This is a story which will not make the front-page headlines of the British press and will not be aired on the mainstream news channels, writes Dilly Hussain.
Yesterday, an innocent man was freed for the second time in his life after being detained on terrorism charges. Former Guantanamo Bay detainee Moazzam Begg was arrested on Tuesday 25 February for Syria-related terrorism offences. He was charged under Section 6 and Section 17 of the Terrorism Act, for allegedly training and funding the Syrian rebels.
Moazzam’s seven-month ordeal at HMP Belmarsh was incomparable to his three-year incarceration at Gitmo, where he experienced horrific treatment in one of the most inhumane prisons in modern history. On this occasion, financial sanctions were imposed on him, as a result of which his bank accounts (including joint accounts) were frozen or shut down.
His wife was unable to pay her utility bills that were held in their joint accounts without receiving a license from the Treasury, and it became a criminal offence to even try and support his family with money during this period.
Moazzam’s arrest corresponded with the UK government’s crackdown on activities related to Syria. Aid workers, Islamic charities as well as prominent Muslim figures were being targeted for their support of the Syrian revolution.
Moazzam is well-known to Muslims and non-Muslims across the world as a representative of justice, truth and human rights in the face of oppression, tyranny and injustice. Naturally, the right wing media will portray him as a terrorist sympathiser, supporting the likes of Al Qaeda and the Taliban.
However, the reality is this – after his release from Gitmo, Moazzam chose to pursue a path which challenged the same oppressors who had him imprisoned without charge for four years.
He joined advocacy group, CAGE (formerly known as CagePrisoners) in 2005, but his life as a determined human rights activist, responding to the call of those who fell victim to draconian anti-terror laws, eventually caught up with him earlier this year.
As the Syrian revolution gained momentum, and the rebels were a stone’s throw away from Damascus at the start of 2013, the British government began its campaign of criminalisation. Muslim humanitarian aid workers were arrested, demonstrations were closely monitored, and in Moazzam’s case, it seemed like investigating the wrongdoings of the British government had become a crime in itself.
The government’s “anti-Syria-related terror measures” included asking Muslim mothers to spy on their children, cracking down on online activities, the confiscation of passports, and revoking citizenships.
The Con-Dem coalition was relentless in its attempt to silence the genuine sentiments among many British Muslims who supported the Syrian revolution and the removal of a brutal dictator.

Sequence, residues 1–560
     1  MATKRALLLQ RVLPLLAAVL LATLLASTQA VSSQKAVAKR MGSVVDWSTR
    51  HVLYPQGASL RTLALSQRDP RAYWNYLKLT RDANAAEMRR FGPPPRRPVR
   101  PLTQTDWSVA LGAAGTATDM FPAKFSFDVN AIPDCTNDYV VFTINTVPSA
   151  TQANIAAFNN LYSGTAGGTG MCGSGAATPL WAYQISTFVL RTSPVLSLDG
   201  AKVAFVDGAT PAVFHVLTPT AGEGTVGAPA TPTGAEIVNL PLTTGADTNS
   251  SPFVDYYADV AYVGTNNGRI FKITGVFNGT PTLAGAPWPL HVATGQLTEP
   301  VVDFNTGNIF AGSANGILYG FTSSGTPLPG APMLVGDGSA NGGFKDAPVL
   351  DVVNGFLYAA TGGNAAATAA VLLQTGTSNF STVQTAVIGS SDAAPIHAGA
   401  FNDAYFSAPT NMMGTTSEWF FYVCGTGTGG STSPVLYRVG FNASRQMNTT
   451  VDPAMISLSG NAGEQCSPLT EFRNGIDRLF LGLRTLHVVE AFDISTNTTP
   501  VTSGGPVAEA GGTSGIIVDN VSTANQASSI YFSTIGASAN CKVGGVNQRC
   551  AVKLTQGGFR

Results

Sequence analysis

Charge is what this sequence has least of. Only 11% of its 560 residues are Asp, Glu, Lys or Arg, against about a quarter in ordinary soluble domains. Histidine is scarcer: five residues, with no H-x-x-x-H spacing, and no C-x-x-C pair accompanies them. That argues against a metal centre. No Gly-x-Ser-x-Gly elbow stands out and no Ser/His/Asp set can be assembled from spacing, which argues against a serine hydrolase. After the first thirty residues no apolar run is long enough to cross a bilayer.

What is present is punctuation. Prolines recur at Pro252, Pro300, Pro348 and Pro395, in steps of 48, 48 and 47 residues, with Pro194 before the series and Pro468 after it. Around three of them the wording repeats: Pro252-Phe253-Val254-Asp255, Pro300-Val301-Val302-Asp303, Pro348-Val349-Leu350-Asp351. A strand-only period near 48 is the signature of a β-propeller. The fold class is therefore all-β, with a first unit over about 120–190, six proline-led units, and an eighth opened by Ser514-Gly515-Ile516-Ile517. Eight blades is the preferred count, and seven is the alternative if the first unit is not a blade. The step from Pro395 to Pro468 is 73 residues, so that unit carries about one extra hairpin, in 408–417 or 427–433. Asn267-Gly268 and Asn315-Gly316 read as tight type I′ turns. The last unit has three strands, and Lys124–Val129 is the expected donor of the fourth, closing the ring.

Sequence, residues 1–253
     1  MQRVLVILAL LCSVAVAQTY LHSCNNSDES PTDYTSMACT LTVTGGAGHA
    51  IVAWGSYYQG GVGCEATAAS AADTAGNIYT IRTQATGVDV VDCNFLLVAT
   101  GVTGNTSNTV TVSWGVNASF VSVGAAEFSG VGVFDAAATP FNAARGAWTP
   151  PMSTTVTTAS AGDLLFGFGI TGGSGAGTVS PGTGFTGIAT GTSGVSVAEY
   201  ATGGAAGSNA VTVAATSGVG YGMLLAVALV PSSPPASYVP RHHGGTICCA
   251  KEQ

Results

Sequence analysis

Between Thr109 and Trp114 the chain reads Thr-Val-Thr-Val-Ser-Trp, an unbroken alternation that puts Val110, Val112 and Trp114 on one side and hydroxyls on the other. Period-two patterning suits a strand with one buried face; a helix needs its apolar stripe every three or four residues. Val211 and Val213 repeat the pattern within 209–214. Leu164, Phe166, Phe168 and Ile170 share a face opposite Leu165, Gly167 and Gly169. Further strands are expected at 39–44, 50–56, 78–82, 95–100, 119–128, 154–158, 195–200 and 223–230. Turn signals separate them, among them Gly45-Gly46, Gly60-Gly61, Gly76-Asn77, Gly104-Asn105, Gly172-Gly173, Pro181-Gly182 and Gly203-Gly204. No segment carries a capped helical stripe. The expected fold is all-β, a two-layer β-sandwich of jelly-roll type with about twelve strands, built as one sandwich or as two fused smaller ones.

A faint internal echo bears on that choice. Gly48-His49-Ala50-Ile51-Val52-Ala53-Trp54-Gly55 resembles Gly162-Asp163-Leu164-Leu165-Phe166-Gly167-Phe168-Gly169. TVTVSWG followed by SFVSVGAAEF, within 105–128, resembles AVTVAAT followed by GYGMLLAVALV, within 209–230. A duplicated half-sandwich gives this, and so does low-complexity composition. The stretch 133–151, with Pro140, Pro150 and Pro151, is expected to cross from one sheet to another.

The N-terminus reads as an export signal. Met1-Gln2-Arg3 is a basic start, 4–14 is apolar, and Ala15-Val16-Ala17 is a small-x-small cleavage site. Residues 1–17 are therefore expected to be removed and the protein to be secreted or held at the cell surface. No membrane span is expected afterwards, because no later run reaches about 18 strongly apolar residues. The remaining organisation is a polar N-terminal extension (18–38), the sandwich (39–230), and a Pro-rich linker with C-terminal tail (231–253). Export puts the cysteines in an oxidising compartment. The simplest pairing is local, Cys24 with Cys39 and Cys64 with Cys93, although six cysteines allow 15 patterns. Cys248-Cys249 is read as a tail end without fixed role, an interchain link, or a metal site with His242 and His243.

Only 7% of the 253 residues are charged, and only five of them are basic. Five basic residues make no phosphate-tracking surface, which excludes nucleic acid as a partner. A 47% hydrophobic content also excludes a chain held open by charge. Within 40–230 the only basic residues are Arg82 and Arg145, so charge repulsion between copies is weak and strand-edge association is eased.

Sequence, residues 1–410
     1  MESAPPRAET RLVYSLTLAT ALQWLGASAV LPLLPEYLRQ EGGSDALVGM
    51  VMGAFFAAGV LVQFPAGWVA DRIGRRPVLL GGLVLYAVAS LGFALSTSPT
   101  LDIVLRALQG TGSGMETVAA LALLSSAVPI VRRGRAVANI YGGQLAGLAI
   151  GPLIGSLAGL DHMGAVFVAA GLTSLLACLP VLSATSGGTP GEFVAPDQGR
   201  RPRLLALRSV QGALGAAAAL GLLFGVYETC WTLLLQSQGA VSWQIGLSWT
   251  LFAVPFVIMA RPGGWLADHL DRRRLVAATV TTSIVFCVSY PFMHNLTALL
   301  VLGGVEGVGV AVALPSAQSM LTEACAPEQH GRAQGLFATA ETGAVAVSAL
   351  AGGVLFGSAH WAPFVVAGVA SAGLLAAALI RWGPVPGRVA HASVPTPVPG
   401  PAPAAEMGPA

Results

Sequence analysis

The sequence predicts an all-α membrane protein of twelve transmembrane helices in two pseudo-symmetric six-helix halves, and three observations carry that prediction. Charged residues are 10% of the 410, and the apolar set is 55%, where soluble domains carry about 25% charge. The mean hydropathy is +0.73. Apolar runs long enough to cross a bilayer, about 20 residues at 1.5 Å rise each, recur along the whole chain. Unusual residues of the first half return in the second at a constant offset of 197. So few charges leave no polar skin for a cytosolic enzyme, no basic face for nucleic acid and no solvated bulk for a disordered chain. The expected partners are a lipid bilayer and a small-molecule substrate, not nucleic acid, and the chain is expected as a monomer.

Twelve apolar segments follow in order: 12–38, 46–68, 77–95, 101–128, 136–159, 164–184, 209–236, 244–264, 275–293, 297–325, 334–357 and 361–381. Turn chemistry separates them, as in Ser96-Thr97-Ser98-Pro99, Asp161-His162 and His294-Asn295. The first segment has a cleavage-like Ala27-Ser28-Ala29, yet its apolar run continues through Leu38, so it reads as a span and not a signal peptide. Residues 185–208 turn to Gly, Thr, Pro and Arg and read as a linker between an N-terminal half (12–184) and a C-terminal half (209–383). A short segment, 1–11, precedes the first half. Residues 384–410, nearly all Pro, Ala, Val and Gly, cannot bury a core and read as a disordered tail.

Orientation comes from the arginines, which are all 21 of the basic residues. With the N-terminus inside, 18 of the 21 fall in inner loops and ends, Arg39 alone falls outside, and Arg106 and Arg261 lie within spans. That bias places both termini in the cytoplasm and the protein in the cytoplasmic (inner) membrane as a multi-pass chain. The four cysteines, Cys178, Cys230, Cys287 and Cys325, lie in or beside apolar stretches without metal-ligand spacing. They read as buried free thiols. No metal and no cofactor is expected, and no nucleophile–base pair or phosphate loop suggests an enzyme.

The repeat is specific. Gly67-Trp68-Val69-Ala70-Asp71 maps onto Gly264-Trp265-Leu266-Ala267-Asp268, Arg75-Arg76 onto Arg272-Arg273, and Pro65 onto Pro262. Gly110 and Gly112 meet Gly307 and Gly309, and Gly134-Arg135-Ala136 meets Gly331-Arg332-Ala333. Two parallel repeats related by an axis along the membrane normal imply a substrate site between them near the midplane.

At an event held in Manchester in January entitled – “Is Islam Being Criminalised?” – Moazzam spoke to an audience of 600 people regarding the British government’s anti-terrorism strategy, and the harassment he faced for investigating the intelligence service’s links with tyrannical regimes in the Arab world.
During his speech, he said: “I told the British secret services that I’m going to Syria to investigate them. This war against Islam and Muslims transcends borders and continents, unlike any other war against any other group.”
Coincidentally, Moazzam’s last Facebook post before his arrest was, “Sometimes knowing too much can be a curse.”
From the onset, Moazzam had been open about his travels and his objectives, which included exposing the British government’s complicity in rendition and torture. The timing of Moazzam’s arrest (given his trip to Syria was in December 2012) requires a detailed explanation – which I doubt anyone is seriously holding their breath for.
Additionally, his arrest coincided with the release of CAGE’s report on Syria that was due to be given considerable media coverage. There were also concerns that the police and the security services applied ambiguous anti-terror laws to the Syrian conflict, which in turn made legitimate activities unlawful.
British establishment’s failure
Taking all the above into consideration, it is clear that the government along with law enforcement agencies failed miserably by attempting to intimidate the community by trying to make an “example” of Moazzam.
And his arrest and subsequent release have only further damaged the already fragile relationship between the government, its shambolic PREVENT strategy, and the Muslim community, which it aims to silence and ultimately control.
In an article I wrote for the Huffington Post last week, I said that Moazzam Begg was the closest example British Muslims had to Martin Luther King or Malcolm X – I reiterate this comparison with no hesitation whatsoever, at a time of immense hardship, pressure and demonisation for the Muslim Ummah.
British Muslim organisations across the spectrum have welcomed Moazzam’s release. No doubt he was in the prayers of many Muslims, and in the thoughts of his non-Muslim supporters who knew too well that an individual like Moazzam could never be guilty of the crimes he was unjustly arrested for…twice.
While British Muslims rightfully celebrate the release of one of their respected and admired leaders, days before Eid ul-Adha, I’m sure Moazzam along with CAGE will insist that the struggle for justice and against oppression is far from over.
May Allah (swt) hasten the release of all the innocent Muslims who have been imprisoned, tortured and falsely accused of crimes which they are not guilty of. Whether they are in Guantanamo Bay, prisons in the West or in the dungeons of tyrants in the Muslim world, may Allah (swt) grant them respite and their families patience because “Verily with hardship comes ease.” (TMQ 94:5)